APRU is a self-governing association of the chief executive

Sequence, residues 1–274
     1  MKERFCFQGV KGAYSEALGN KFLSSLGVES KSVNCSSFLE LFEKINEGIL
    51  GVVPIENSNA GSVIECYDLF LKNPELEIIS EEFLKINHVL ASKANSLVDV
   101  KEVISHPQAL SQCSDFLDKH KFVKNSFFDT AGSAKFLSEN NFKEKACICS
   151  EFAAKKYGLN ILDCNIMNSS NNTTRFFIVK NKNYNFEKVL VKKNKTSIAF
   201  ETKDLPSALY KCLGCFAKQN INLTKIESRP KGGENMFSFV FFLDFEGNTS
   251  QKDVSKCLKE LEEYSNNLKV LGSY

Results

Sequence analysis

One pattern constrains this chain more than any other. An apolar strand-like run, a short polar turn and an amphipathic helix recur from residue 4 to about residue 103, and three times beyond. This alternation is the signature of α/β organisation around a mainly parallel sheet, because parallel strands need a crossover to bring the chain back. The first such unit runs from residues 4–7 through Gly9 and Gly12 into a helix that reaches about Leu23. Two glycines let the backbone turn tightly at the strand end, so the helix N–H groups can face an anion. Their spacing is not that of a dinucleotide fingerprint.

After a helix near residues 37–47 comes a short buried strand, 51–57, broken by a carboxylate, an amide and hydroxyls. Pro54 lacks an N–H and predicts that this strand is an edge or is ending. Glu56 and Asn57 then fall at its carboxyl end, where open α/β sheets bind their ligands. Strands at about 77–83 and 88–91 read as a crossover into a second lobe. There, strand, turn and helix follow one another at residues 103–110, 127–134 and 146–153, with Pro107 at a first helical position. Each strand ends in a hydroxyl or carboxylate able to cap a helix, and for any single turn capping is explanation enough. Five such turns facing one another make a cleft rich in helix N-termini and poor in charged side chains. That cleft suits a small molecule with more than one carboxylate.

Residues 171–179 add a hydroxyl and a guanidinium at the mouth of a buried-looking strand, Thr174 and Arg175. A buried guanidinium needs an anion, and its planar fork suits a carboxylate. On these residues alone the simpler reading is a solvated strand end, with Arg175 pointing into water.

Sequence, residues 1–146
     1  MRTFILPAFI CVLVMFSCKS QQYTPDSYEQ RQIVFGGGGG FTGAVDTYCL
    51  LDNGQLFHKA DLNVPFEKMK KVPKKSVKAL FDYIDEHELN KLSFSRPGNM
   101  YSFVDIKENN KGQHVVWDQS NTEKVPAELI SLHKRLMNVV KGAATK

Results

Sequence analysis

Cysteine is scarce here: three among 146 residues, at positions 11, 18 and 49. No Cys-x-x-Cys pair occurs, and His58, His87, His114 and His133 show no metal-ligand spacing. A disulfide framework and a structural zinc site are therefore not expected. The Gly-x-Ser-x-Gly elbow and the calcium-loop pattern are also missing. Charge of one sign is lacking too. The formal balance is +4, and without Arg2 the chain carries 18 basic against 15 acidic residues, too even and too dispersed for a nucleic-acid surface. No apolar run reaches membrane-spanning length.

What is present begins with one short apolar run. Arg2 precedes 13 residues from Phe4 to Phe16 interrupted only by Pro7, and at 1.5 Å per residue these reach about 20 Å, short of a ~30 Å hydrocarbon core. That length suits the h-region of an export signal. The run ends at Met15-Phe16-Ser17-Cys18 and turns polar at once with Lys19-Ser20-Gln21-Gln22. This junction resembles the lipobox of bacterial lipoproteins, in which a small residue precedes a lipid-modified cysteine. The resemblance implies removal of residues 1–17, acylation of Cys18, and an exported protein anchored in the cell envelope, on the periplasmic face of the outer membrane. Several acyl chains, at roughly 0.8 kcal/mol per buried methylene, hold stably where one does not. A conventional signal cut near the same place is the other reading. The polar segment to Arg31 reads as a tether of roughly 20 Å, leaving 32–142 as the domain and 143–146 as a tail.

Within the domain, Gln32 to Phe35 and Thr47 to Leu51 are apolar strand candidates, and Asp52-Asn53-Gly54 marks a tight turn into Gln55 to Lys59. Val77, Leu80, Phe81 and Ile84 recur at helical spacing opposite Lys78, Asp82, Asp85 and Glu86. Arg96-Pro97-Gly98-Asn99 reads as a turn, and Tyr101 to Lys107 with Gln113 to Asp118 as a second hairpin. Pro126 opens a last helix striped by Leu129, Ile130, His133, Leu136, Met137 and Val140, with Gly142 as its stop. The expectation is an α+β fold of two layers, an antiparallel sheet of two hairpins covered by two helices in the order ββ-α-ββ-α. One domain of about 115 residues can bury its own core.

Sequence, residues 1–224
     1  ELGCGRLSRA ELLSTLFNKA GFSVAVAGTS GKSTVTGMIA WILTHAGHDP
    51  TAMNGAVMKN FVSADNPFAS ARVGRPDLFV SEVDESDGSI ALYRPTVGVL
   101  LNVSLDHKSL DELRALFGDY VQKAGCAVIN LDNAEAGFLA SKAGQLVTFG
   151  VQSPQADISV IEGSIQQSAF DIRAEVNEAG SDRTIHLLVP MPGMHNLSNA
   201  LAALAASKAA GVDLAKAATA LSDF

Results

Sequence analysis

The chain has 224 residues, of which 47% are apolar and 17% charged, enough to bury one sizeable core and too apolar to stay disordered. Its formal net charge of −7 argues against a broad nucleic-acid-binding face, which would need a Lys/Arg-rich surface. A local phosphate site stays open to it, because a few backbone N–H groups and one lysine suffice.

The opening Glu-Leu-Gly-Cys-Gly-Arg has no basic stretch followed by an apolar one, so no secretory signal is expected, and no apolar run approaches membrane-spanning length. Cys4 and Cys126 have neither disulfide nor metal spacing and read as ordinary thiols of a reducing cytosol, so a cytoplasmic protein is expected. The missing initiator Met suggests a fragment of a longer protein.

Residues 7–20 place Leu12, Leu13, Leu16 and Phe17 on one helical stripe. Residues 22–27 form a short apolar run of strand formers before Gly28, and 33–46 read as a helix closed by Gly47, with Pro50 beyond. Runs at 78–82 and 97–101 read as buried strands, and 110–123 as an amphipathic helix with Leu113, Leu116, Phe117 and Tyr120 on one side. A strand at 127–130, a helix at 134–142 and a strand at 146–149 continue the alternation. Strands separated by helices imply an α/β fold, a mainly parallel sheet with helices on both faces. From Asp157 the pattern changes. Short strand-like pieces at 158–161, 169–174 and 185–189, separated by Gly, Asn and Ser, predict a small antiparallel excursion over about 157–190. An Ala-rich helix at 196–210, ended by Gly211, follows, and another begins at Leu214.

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THE ROLE OF THE ASSOCIATION OF PACIFIC RIM UNIVERSTIES (APRU) IN HUMAN RESOURCE DEVELOPMENT Remarks by Steven B. Sample Chairman, APRU President, University of Southern California delivered at the APEC High Level Meeting On Human Capacity Building Beijing, China May 15, 2001 It is a great pleasure for me, as chairman of the Association of Pacific Rim Universities, to participate in this "High Level Meeting on Human Capacity Building." Let me begin by giving you a little information about the Association of Pacific Rim Universities, or APRU, as it is known. • APRU is a self-governing association of the chief executive officers of 34 leading research universities from around the Pacific Rim. • This group elects a steering committee and a chairman to provide leadership for the association. • Australia, China, Japan, Korea, Latin America, Southeast Asia, and the United States are all represented on the steering committee. • I was elected to be APRU’s founding chairman in 1997, and I was re-elected in 1999. • The University of Southern California, of which I am president, provides ARPU’s Secretariat. APRU was founded in 1997 to help its members become more effective contributors to the development of a prosperous and peaceful Pacific Rim community. • By increasing mutual understanding among the chief executive officers of its 34 member universities, APRU is stimulating cooperation in teaching and research among its members. • We believe our universities are in a good position to help shape regional policies concerning education, science and technology, and human resource development among Pacific Rim economies. As APRU’s Chairman, I sincerely appreciate the endorsements of APRU by APEC Leaders in their economic Declaration in Vancouver in 1997 and in Brunei last year, and the endorsement from APEC foreign ministers in Auckland in 1999. • APRU looks forward to working with APEC to achieve our common goals. • I am pleased to note that sixteen APRU universities are represented at this meeting today. In my remarks this afternoon, I should like to explain how APRU might help APEC accomplish its educational goals and help APEC economies become more effective players in the global economy. We all realize that the prosperity of the APEC economies in this era of globalization depends heavily on education. • However, because of projected population growth over the next century, it is unlikely that Pacific Rim economies will be able to build enough traditional universities to meet the demand. • We also know that in the global economy, workers will need education and training throughout their lives to keep pace with scientific and technological change. • We must be creative in using information technology for a massive expansion in distance learning to meet this exploding demand for education and for life-long learning. APRU has much to contribute towards developing a creative, and highly-trained workforce. • We believe that APRU can help APEC economies develop their human resources to take advantage of the new opportunities presented by globalization. APRU can help by using advanced information technology to substantially expand distance learning and research in APEC economies. • This in turn will enable APEC economies to accelerate their educational and economic progress. Together APRU members are developing teaching and research applications that build on advanced Internet technology in a project called APRUNet. • New courses, which take advantage of advanced internet technologies, are being developed by APRU members to be delivered to audiences of university students, high school students, small- and medium-sized businesses, and non-governmental organizations throughout the 21 APEC economies. • These students will be able to access insrtuctional materials at any time, and at any place, at which the Internet is available. • Any academic or corporate group in APEC economies will be able to use the new IT-based courses being developed by APRU members. • We believe APPRUNet activities could be powerful catalysts for expanding educational , economic and technological cooperation among APEC economies. APRU has made the utilization of advanced internet technologies a high priority. • We are promoting the development of cutting-edge distance learning experiments among our member institutions. • Last week, APRU held its second annual distance learning conference in Kyoto. • At the conference, leading experts from 42 universities, 33 of them APRU members, spent three days sharing information about best practices and developing new partnerships for IT-based education. • APRU’s first two distance learning conferences have been generously supported by the Lucent Technologies Foundation. All of the information from these two conferences is available at the APRU website <www.usc.edu/apru>. APRU is attempting to establish an innovative distance learning partnership among eight of our member universities and ten high schools. • The universities participating in the project are: Australian National University, National University of Singapore, Peking University, Seoul National University, Tsinghua University, the University of Tokyo, the University of Southern California, and the University of Washington. • APRU is now seeking corporate and foundation support to implement the project. • The overall goal of this partnership is to develop research-based distance learning modules for international teams of high school student Please keep in mind that distance learning is in its infancy. • Trial and error will be a necessary part of its growth, because we are traveling in uncharted territory. • It will require experimentation to find out what works best for different countries and cultures. • We will need to experiment to develop uniform standards for teaching and research that can be used across national boundaries. • But distance learning will improve rapidly as technology improves and people gain experience in using it. A project of such tremendous scope requires cooperation. • As APEC leaders have recognized, in the new economy and with faster global integration, no one segment of the economy can afford to work alone or in isolation. • By working closely together, business, governments, and educators can all reap extraordinary benefits from this project. • APRU welcomes partnerships with business to help us develop the technology and applications for our APRUNet activities. • I hope also that the governments of APEC economies will work with our universities and the business sector in developing this advanced information technology network. In the new economy , we all recognize that universities are a powerful engine for economic progress, developing both human and material capacity. • Universities are taking the lead in developing the next generation of high-tech software and hardware. • Universities are also taking the lead in training the next generation of Scientists, engineers, and entrepreneurs. • Moreover, university partnerships tend to be long-lived and very stable. • APRU can foster long-term relationships through teaching and research that will withstand political disagreements and economic instabillties. • APRU is an institution that could provide APEC with a very strong educational foundation for supporting its human resource development and science and technology initiatives. The Pacific Rim has unmatched material and human resources. • It also has unmatched potential—the potential to be the leading economic region in the world, the potential to set the agenda for progress in the 21st century. • APRU will be pleased to help APEC achieve that full potential. Thank you.